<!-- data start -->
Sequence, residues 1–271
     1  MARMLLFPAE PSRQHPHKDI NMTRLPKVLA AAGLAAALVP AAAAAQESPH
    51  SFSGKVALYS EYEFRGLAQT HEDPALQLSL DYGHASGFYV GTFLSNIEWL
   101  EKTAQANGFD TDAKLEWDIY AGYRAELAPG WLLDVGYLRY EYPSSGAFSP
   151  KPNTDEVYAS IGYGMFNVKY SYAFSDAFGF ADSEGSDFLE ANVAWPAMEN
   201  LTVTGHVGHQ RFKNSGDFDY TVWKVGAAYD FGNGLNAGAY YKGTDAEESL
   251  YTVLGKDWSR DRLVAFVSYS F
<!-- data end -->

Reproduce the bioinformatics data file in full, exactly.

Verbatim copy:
Sequence, residues 1–271
     1  MARMLLFPAE PSRQHPHKDI NMTRLPKVLA AAGLAAALVP AAAAAQESPH
    51  SFSGKVALYS EYEFRGLAQT HEDPALQLSL DYGHASGFYV GTFLSNIEWL
   101  EKTAQANGFD TDAKLEWDIY AGYRAELAPG WLLDVGYLRY EYPSSGAFSP
   151  KPNTDEVYAS IGYGMFNVKY SYAFSDAFGF ADSEGSDFLE ANVAWPAMEN
   201  LTVTGHVGHQ RFKNSGDFDY TVWKVGAAYD FGNGLNAGAY YKGTDAEESL
   251  YTVLGKDWSR DRLVAFVSYS F